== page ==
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Wednesday, January 13, 2021

Sumaithangi, the load bearing stone (TOI)

By Narayani Ganesh

At first glance, to a stranger, the two vertical granite stone columns holding up one horizontal stone slab would look like a crude version of the gateway to a Japanese Shinto shrine. While the Shinto Gateway called Torii symbolises the transition from the mundane to the sublime and sacred, the simple sumaithangi – Tamil for ‘load bearer’ – is designed to let the pilgrim and farmer unburden themselves of their baggage in the course of their long journey by foot, and rest their weary muscles.

Interestingly, there seems to be a possible etymological link between the Japanese Torii that means bird perch and the Indian torana, which translates as gateway, usually ornate and meant to be welcoming of visitors. Perhaps it denotes the point of taking flight from the known to the unknown, as birds are wont to do, as they perch a while before taking off. Most sacred gateways in countries of Southeast Asia could be traced to the Indian torana concept, perhaps transmitted along with Buddhist philosophy that went from India to the Far East.

Driving from Chennai to the Palani hills via Tiruchirapalli and dozens of small villages and hamlets during summer holidays, the sumaithangi was a common sight, usually placed in the shade of a tamarind tree, providing succour to yatris from the sweltering heat. We would stop at one of these spots to take a lunch break, when the tall, large, stainless steel tiffin carrier with its many containers would be taken out and food served on banana leaves – lemon rice, idli, tamarind rice, curd rice, pickles and pappadoms. The vessels were all lined up on the sumaithangi after wiping it down with a wet cloth. Once done, the empty containers would go back into the boot of the car and the sumaithangi was wiped clean, and we would be on our way.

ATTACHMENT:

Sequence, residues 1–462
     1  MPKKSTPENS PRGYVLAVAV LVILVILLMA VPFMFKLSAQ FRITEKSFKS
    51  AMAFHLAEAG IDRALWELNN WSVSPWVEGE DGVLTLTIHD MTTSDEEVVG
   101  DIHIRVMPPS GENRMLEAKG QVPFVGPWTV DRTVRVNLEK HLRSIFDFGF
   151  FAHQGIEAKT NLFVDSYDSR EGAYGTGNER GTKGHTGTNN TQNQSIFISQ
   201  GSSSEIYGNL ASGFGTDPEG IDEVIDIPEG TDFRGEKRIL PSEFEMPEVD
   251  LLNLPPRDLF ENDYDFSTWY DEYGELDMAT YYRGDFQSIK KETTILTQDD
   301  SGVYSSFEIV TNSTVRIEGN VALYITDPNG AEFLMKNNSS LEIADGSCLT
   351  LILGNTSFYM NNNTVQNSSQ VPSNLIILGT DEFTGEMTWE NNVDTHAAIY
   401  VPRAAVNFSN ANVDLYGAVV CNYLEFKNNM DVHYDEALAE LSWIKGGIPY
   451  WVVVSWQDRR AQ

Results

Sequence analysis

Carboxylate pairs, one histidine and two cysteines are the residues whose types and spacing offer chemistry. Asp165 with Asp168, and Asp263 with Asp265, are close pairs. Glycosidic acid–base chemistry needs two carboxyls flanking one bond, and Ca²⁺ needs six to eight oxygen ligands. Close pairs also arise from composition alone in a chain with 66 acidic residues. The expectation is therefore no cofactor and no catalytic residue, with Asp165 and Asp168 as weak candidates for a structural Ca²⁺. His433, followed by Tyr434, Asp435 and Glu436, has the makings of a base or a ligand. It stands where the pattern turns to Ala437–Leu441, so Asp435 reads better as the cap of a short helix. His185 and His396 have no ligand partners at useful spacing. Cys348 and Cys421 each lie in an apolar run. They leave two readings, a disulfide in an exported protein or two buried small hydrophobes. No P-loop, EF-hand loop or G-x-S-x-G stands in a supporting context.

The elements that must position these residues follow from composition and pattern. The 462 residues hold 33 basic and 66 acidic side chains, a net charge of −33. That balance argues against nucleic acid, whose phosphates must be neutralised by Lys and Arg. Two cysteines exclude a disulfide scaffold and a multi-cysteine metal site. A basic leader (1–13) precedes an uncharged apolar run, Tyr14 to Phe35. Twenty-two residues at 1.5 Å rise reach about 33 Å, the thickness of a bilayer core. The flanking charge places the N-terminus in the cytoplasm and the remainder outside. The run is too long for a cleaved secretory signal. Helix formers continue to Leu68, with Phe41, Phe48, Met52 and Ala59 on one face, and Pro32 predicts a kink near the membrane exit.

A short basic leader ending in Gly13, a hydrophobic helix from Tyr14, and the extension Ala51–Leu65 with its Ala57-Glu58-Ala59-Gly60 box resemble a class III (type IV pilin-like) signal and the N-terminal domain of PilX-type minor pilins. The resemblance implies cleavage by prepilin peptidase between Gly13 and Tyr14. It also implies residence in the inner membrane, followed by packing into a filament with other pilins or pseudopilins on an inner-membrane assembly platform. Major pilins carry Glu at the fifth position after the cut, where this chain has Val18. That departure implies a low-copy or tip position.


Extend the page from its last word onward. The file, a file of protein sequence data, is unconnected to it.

Only later did I learn of the significance and utility of the sumaithangi, that it was meant for travellers to unburden themselves as they took a break. What a wonderful concept, I thought to myself, trying to correlate the empty tiffin carrier with emptying the mind of burdens. Why cannot we have a virtual sumaithangi to unburden ourselves of all our worries, fears and anxieties? We may or may not pick them up again, but even if we did, the load would be better organised with some reflection and perspective. Some burdens may disappear forever, and the journey forward is rendered less difficult. Your sumaithangi could be your guru, a dear friend or relative, who listens to you with empathy and understanding. In Christianity, the confession box and priest serve as sumaithangi to believers. Or you could just pour your heart out to a stone.

It is not uncommon to liken the stone to a load bearer, something that is resilient and patient, much like the Patience Stone known as Syngue Sabour in Afghan lore. The Patience Stone is believed to ‘absorb the plight of those who confide in it’. Tamil homegrown wisdom advises troubled souls to find a secluded place and pour out all fears and worries into an empty pot, then smash it to pieces, a kind of catharsis that is pacific and healing rather than yelling at those you think are responsible for your plight. It is eco-friendly, too! (

Coursty - TOI.


Help Sampadkiya Team in maintaining this website

इस वेबसाइट को जारी रखने में यथायोग्य मदद करें -

-Rajeev Kumar (Editor-in-chief,


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